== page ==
What Is The Difference Between Cappuccino And Latte?
By mixing espresso, steamed milk, and foam, you can make various drinks like a latte, cappuccino, and many more. But there is a huge confusion between two of the popular espresso drinks: latte and cappuccino. If you are not an expert in a variety of coffees, you might think that they are virtually the same. Read this article to know the difference between a cup of cappuccino and a latte.
Ingredients Of Cappuccino And Latte
Fundamentals Of Cappuccino
The cappuccino was born from the days of World Wars. During 1980s, the Italian drink arrived in America as well as all over Europe. Now, this has become a structured drink that is usually served in ceramic or glass cups of 6 ounces or squat.
Its structure is the most defining feature of all. If you split it evenly in 3 parts, you can feel the quality of this cappuccino just by its weight. Conventionally, you need 1/3 espresso, 1/3 of steamed milk and over it 1/3 of airy foam milk. So, to know about a barista’s real skills, the ability to make this correctly is one of the benchmarks. If the barista makes it completely well, you will experience a low level of acidity along with some delightfully airy and rich feel.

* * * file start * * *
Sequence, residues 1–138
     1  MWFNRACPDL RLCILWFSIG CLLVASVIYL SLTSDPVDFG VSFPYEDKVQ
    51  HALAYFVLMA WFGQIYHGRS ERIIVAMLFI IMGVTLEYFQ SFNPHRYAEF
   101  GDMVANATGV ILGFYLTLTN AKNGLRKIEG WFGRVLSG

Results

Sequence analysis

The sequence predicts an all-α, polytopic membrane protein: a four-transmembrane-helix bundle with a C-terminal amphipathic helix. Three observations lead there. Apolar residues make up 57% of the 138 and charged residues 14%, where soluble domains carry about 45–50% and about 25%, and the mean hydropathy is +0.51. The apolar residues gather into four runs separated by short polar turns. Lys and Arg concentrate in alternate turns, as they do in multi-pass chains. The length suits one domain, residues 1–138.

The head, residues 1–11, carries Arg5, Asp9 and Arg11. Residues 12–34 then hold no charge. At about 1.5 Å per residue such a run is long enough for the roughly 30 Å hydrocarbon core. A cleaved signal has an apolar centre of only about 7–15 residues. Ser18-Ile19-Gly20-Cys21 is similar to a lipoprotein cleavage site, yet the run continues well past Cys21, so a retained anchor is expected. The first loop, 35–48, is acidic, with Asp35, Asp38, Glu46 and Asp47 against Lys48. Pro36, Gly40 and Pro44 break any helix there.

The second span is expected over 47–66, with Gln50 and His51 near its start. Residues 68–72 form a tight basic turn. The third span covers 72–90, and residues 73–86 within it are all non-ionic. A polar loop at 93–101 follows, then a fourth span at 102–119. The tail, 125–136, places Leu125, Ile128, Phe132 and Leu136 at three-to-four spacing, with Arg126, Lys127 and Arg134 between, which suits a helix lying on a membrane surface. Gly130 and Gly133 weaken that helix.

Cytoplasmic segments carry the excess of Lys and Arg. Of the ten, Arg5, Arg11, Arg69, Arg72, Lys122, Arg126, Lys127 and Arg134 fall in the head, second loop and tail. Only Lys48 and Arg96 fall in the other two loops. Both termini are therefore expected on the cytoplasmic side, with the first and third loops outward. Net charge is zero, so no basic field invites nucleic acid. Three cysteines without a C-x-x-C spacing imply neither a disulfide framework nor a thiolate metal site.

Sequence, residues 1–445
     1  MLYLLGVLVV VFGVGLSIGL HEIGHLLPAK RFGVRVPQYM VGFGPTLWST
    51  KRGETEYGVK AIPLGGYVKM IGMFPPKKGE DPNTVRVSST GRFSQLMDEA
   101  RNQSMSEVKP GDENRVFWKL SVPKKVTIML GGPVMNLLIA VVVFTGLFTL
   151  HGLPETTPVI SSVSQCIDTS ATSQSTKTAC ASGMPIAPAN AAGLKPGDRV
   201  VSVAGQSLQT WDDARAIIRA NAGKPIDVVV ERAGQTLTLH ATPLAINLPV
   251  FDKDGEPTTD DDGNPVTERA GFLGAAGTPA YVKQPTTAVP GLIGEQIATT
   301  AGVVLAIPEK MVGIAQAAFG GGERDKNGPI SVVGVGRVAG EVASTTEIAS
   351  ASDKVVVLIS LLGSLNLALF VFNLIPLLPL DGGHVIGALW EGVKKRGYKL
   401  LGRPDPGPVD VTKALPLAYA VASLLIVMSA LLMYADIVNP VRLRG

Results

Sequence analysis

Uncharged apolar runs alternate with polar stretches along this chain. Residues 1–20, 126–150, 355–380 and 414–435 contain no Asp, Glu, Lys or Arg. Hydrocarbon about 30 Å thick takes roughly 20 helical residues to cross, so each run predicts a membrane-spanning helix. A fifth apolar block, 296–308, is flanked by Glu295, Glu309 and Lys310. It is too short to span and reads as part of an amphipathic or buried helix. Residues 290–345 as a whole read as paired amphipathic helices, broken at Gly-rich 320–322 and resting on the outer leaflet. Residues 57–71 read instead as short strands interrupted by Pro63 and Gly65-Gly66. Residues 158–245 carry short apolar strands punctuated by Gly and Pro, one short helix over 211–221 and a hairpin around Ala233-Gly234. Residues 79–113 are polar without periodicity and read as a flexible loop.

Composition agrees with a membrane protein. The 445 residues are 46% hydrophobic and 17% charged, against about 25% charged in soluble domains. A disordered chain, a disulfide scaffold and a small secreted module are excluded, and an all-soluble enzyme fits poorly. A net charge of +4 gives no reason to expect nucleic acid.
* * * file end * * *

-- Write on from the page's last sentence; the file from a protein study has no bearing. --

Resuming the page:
Fundamentals Of Latte
In 1867, the name of this brewed drink was first used. For centuries, a variety of latte drinks has been part of staple breakfast. The origin of this coffee is from Italy, and it translates to milk coffee.
Though it is a centuries-old beverage, it first got its place in the cafes in the 20th century. You must serve this coffee in a bigger cup or mug as compared to the cappuccino cups.
Latte has a velvet-like creamy texture. To make it accurate, you must mix 1-2 shots of beautiful espresso and pour it over 5-6 ounces of the steamed milk you have prepared. 5/6th of the cup will be filled with the espresso –steamed milk mixture. Over it sits a very thin foam layer.
The cappuccinos mostly have defining structures while lattes impress with its foam art on top.
Ratios Of Ingredients
Ingredients for making these two espresso drinks might be the same, but the main difference is in the ingredient ratios. For making these two distinct coffees, a barista must master the right balance of milk, espresso, and foam.